A fresh fruit tart at Suzanne’s home for tea

A roll in Zagreb
A roll in Zagreb

Bill's Paint Palette
Bill’s Paint Palette

mixing up paint in with the food theme

Fresh Asparagus at my sister's in NYC
Fresh Asparagus at my sister’s in NYC

A Spinach Salad
A Spinach Salad

Vanilla Gelato
Vanilla Gelato

Fresh Strawberries
Fresh Strawberries

Zagreb Fountain Might be Considered a Bit Fresh
Zagreb Fountain Might be Considered a Bit Fresh

Single Ear of Sweet Corn

You can still get great tomatoes. Come January we’ll long for them. 

I was at a friend’s house and she made corn for us.

Butter, salt and fresh black pepper.  

I think it was the first ear of corn I ate all summer.

Delicious.

Had a half of an ear last Sunday at a Garden Party, but

will savor this photo come fall.   

Thanks Ann.

ear of corn

 

 

Daily Prompt: Ingredients

This is the first time the daily prompt really spoke to me- ingredients.

WordPress offers daily inspiration to bloggers, if they want to respond.  Here is the prompt by Ben Huberman

” What’s the one item in your kitchen you can’t possibly cook without? A spice, your grandma’s measuring cup, instant ramen — what’s your magic ingredient, and why?

Photographers, artists, poets: show us KITCHEN.”

Here’s part of my kitchen.  Isn’t love the secret ingredient?  I read a blog that says it is.

But I think I’ll choose the Kitchen-Aid mixer, the Kitchen-Aid mixer my dad bought me 25 years ago. The one I’ve used to make cakes for all the kids’ birthdays and graduations and cookies for all occasions. Now they are all grown and gone.

You need a lot of ingredients-

An electric kettle (thanks Laura)

The edge of the farmhouse sink  and bit of my stove, the portable dishwasher top is laden with stuff- the knives,

a tin of olive oil.

I added my favorite nesting Pyrex bowls  I’ve a  thing for the big yellow one. It’s like the one my mom used to make her bread dough. Let it rise.

My grandmother’s recipes are in the wooden box on the shelf.

A couple of beat up baby cups, including my pewter one engraved with my name- Ruth Ella 1952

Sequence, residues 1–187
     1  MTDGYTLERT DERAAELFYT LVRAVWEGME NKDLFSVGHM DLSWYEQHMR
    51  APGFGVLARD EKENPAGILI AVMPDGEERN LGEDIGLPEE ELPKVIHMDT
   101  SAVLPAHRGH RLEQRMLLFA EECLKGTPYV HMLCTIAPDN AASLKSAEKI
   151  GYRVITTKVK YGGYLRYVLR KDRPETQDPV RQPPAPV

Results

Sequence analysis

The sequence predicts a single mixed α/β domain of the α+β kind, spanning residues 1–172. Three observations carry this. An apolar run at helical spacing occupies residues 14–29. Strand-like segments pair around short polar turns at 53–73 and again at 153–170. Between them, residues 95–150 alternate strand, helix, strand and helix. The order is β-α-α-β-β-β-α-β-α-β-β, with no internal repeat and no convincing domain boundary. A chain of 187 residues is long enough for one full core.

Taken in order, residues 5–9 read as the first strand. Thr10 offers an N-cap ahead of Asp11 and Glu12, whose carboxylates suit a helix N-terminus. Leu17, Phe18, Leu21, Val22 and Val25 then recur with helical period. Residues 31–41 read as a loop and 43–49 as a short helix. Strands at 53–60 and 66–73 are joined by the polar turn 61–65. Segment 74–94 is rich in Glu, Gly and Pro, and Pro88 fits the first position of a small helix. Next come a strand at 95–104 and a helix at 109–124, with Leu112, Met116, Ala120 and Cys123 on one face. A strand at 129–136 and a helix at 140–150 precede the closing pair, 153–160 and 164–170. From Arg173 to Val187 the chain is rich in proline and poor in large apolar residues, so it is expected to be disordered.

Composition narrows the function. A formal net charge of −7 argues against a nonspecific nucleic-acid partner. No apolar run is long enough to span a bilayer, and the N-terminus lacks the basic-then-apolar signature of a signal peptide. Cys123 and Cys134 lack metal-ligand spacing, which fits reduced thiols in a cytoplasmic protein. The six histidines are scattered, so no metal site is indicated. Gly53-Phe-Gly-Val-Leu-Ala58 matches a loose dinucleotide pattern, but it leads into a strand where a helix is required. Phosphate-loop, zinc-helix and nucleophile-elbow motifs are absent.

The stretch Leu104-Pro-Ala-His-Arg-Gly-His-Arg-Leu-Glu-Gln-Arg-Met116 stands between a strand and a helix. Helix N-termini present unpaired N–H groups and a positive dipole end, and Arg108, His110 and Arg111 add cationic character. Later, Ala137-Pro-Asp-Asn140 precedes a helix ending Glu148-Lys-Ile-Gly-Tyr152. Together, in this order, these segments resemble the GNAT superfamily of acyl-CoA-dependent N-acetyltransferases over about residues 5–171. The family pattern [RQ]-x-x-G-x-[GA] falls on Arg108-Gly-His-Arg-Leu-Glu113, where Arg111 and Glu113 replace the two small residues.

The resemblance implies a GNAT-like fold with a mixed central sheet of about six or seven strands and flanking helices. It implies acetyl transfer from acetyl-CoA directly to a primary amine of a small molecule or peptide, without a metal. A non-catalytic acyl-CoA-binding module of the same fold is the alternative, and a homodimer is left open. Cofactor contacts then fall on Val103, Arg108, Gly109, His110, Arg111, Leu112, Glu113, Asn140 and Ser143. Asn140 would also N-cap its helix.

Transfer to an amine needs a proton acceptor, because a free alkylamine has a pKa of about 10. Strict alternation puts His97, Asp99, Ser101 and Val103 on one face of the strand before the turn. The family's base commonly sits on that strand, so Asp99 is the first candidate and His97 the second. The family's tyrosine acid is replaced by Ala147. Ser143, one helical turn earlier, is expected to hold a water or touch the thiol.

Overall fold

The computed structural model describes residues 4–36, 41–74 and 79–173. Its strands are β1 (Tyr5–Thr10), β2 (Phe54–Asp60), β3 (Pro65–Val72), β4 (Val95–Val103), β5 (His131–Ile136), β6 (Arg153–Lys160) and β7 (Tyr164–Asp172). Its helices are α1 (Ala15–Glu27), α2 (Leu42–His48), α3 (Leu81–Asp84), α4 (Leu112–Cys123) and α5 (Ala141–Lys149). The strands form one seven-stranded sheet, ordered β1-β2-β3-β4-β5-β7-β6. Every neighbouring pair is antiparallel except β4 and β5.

Tea in a tin.

Handwoven potholders.

My favorite French pepper mill a gift (1974) from my sister’s college friend Janet.

The bread board my sister gave me.

And how could I manage without vanilla?

Garlic keeper from Fredda at my shower in college.  Got to have garlic. My brother sends me the best organic garlic from Okanogan WA.

But just one thing?  I chose the mixer.

Definitely need butter, eggs, sugar and vanilla. Such a lovely start to so many things.

My Kitchen

the close up

and then the shot with a bit more distance to see the all of the clutter  ingredients

Love my stove, oven and range hood, too.  My pots and pans.

Pyrex BowlsNow you can see the dirty dishes in the stainless bowl and the remnants of the sink skirt adhesive I tried to stick onto the sink once upon a time. Need to get some Goo Gone.

Butter- Salted or Un

A variety of butter in the Dairy Case of the Clintonville Community Market in Clintonville Ohio. (walking distance from Laura and James’ home)

Minerva Dairy Amish Butter is on the right and Hartzler Family Dairy butter  ( from Wooster, OH) on the left.

Just last Thursday I ate dinner at a friend’s and she told me that someone told her, “Butter is love.”

A year ago this month the butter sculptor and “butter cow lady” from Iowa, Norma Lyon, passed away and her obituary is in the New York Times.

The butter in this photo was captured in early April. When we lived in Germany the commissary sold Danish butter and I see my family buying Irish butter these days.

What’s your favorite butter?

Jean-Marc Chatellier’s French Bakery in Millvale PA

Crossed the Allegheny River to go to Millvale.  After I went to Panza’s to pick up Joan’s painting I had reframed, I went to get some brioche  and a loaf of crusty bread from Jean-Marc Chatellier’s French Bakery. 412.821.8533   Everything in the bakery is beyond delicious. There are samples on the counter of the melt-in-your-mouth butter cookies and a French shortbread called Breton Cake. There are little fruit tarts, apricot tarts and flaky croissants, even Key Lime pie slices.  As I was about to pay for my order, I saw him frosting a cake in the back.  I asked the young woman waiting on me if it would be all right to take a picture. She said,” Just take it!”  So I did.  Magnificent artistry in cake making.  And delicious.  I have eaten memorable wedding cakes made by him.  Once I bought a cake there for Laura’s graduation from Marquette and drove it to Milwaukee WI.

Memo to self: Drive across river more often to Millvale and buy delicious pastries from Jean-Marc Chatellier.